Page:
There is a lot that I would like to have said, but in an Adjournment debate one's time is limited. I have no confirmation of this, but I believe I am right in saying that the A.A. has suggested that when the G.P.O. is working on new telephone services along M.1 it should assist in providing warnings of fog and other dangers. I commend this idea to the Minister.

The Minister referred one of my hon. Friends to the Road Research Department. I would ask him to refer to the Road Research Department the question of the water-holding capacity of M.1. Anyone driving along M.1 hours after the rain has stopped creates waves of water 6 ft. high. Water is thrown up from the up road on to cars proceeding along the down road—speaking as a former railway man. Either the camber or the constituent material of the road is such as to cause it to hold the water. Inquiry can ascertain from anyone, including hon. Members opposite, that the effect is like a ship going through the water, curving the waves up. There is a terrific amount of water there.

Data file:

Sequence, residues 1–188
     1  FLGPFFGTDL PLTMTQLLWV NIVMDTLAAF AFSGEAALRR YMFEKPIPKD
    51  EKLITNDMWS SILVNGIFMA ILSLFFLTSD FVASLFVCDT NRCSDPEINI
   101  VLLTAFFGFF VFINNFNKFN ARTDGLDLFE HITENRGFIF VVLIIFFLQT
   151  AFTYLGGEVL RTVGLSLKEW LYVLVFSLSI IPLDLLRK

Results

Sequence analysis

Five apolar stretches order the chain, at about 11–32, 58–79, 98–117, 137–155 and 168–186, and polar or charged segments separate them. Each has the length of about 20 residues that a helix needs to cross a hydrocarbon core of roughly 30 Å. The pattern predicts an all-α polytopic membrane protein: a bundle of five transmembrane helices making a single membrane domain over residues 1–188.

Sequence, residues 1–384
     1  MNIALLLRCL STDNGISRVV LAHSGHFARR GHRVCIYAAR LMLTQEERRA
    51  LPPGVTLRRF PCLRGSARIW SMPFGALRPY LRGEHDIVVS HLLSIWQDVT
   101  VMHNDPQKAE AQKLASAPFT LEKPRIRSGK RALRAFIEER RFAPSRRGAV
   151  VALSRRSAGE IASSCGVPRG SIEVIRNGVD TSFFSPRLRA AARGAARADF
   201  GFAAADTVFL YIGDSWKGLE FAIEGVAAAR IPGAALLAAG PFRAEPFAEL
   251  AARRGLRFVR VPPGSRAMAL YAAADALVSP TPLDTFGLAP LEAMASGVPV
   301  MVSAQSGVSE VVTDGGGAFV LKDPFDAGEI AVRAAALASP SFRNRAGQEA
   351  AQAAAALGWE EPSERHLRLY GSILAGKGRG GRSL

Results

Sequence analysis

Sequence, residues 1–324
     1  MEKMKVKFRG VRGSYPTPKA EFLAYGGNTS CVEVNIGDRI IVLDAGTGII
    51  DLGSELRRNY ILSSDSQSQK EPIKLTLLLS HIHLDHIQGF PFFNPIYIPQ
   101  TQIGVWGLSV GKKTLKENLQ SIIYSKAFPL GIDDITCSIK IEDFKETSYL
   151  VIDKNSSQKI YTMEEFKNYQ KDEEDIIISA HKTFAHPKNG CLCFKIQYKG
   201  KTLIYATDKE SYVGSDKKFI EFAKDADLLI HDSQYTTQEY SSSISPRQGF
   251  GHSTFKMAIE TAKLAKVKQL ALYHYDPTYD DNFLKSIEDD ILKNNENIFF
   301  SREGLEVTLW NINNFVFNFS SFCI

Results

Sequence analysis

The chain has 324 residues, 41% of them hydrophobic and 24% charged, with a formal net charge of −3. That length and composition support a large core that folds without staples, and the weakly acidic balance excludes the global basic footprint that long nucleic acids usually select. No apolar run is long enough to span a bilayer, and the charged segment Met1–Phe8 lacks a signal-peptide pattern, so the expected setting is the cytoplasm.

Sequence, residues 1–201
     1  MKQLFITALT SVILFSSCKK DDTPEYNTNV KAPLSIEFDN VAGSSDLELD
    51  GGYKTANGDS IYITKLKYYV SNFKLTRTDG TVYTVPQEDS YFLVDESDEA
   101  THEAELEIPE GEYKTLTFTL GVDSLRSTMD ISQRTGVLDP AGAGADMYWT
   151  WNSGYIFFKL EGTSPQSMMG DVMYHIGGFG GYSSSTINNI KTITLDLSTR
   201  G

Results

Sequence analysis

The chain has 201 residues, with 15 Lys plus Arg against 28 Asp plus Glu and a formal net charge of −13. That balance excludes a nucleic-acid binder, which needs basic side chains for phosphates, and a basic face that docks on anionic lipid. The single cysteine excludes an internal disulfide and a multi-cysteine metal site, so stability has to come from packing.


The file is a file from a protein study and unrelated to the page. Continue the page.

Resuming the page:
I ask the Minister to request the Road Research Department to investigate this, because if that amount of water freezes we have a skating rink instead of a motorway, which could create tremendous damage.

11.43 p.m.

Dr. Reginald Bennett (Gosport and Fareham)

I should like for a few moments to support the hon. Member for Birmingham, Perry Barr (Mr. Charles A. Howell) in having raised this subject. I. too, have been most anxious about the M.1 and its troubles. I had an Answer in this House before the Summer Recess which seemed to me to scoff at the possibility of any danger arising from the repairs which were necessary to M.1. I am very concerned at the manner in which it has been breaking up, especially in the southern part, where the work had to be most rushed.